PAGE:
All of us, who are here today, have come to say goodbye to my dad, and wish him well on his final journey. We have also come to celebrate his life and his legacy, and to share some of the experiences that we may have had with him.
Everyone who knew my father would describe him as a good man, a responsible man, a good provider, a loving father, grandfather, husband and brother, a conscientious man and a selfless man. I would describe him as a Great Man.
Each of us, of course, knew him in a different way: as a husband, father, brother, grandfather, uncle and friend. Today, I would like to relate to you, how I saw him, as his son.
As a boy, my impressions of my dad were perhaps typical for my age: a combination of love, respect and, perhaps, a little fear. My father was a busy man, perhaps even a driven man in those days, consumed as he was with providing for his family and helping my mother around the house. As it turned out, we did not have as much time together as I would have liked to have had.
During the times that we were together, however, he did manage to teach me many things, mainly by his own example, but also by his good advice or by using some of his “old Sicilian sayings.”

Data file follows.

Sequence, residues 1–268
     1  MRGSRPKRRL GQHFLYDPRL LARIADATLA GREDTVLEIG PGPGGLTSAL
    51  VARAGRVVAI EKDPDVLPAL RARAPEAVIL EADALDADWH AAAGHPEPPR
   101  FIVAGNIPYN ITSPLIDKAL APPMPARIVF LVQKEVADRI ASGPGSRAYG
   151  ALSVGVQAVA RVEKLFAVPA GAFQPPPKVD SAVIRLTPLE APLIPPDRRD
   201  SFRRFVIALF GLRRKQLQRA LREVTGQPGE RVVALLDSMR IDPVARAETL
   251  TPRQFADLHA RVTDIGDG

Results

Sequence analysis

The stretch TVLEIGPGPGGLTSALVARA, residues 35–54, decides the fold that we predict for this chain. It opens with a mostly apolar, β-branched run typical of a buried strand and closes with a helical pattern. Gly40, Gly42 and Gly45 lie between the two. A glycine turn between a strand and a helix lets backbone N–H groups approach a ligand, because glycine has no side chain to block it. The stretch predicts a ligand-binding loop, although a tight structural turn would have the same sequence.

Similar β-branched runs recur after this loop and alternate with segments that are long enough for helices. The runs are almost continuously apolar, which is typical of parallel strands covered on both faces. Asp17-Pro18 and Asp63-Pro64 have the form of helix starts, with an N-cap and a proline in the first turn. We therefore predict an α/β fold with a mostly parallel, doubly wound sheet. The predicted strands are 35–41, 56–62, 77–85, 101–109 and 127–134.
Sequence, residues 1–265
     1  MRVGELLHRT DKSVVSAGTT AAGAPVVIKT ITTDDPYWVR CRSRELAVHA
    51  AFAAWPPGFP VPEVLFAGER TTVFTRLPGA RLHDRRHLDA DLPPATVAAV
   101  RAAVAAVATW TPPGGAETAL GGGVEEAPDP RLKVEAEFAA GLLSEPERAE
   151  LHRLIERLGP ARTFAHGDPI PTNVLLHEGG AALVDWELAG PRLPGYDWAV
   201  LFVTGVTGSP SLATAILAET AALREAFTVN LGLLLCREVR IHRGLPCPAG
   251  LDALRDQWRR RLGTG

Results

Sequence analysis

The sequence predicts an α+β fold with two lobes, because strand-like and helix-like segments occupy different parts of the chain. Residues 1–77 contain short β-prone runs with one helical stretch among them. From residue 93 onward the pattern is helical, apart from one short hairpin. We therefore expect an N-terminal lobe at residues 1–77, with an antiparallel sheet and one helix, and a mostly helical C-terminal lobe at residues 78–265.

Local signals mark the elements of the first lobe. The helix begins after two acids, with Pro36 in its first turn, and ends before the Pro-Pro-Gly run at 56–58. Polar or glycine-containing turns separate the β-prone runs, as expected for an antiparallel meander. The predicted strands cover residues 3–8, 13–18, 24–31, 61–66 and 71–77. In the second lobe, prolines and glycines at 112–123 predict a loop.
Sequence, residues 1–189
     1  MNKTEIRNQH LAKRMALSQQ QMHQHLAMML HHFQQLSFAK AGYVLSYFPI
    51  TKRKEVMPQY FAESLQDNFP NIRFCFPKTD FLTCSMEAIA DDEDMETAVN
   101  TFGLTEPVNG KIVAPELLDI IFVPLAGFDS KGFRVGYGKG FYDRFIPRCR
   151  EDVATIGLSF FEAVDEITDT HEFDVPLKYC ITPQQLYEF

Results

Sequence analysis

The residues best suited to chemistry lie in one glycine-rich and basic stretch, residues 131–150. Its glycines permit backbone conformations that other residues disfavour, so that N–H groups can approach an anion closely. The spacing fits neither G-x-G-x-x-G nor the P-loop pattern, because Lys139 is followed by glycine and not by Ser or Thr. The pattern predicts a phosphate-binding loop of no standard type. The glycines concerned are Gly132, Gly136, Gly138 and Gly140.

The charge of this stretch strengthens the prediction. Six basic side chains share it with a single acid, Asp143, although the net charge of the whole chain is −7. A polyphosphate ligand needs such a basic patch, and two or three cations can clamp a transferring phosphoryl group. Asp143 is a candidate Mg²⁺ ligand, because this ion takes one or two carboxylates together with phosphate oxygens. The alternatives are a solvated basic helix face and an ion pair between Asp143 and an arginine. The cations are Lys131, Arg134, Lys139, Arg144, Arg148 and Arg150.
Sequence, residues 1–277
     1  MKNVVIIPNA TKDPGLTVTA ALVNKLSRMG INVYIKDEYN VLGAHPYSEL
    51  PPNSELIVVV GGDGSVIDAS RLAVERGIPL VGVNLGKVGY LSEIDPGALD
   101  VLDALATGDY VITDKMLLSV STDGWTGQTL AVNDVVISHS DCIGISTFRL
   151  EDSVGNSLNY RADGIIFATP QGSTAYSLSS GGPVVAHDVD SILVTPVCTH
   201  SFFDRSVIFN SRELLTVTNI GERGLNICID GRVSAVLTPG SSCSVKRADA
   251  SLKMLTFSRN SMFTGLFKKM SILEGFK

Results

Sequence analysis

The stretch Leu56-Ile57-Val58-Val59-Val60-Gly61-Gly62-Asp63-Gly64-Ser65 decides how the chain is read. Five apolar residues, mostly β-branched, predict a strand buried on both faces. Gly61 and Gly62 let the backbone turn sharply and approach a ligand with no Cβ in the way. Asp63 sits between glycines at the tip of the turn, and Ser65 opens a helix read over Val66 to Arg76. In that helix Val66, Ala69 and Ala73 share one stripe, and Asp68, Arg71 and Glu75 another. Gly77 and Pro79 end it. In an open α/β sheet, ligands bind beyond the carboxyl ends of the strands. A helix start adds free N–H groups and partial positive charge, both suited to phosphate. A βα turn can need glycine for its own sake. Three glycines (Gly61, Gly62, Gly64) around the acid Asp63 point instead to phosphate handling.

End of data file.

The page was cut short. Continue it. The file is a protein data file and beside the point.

At one time, during my teenage years, when I was attending high school, I remember being in the kitchen talking with my father about a “stupid” question that I had asked in class. “Always ask stupid questions,” he said. “What?” I replied. He continued talking, “The questions that you think are stupid are not so stupid. Your real reason for saying that they are stupid is that you’re afraid to ask them. Don’t worry about what anyone else thinks. Just ask the question.” Of course he was right. From that moment on, I always asked “stupid” questions and got some pretty good answers in exchange.
On another occasion, I remember complaining to my father that I hated my job, and that my boss was an idiot and that I was planning to just “up-and-quit” and to “hell with it.” He looked at me square in the eye and said, “Plan your escape, Mark…Plan your escape.” His advice served me well in later years when a crooked boss trapped me in Ecuador.
Over the years, I grew closer to my father, and my admiration for him grew even more. By the time I was in my early thirties, there had been many occasions when his “old Sicilian sayings” proved to be good guidelines for living. By then, he too had changed, having fought and won many battles. He was more relaxed, less driven, and was enjoying the fruits of his years of struggle. Whenever I was in town, I would spend time with him, either working together on some household project, or just sipping coffee, talking. Our time together was always relaxed and enjoyable.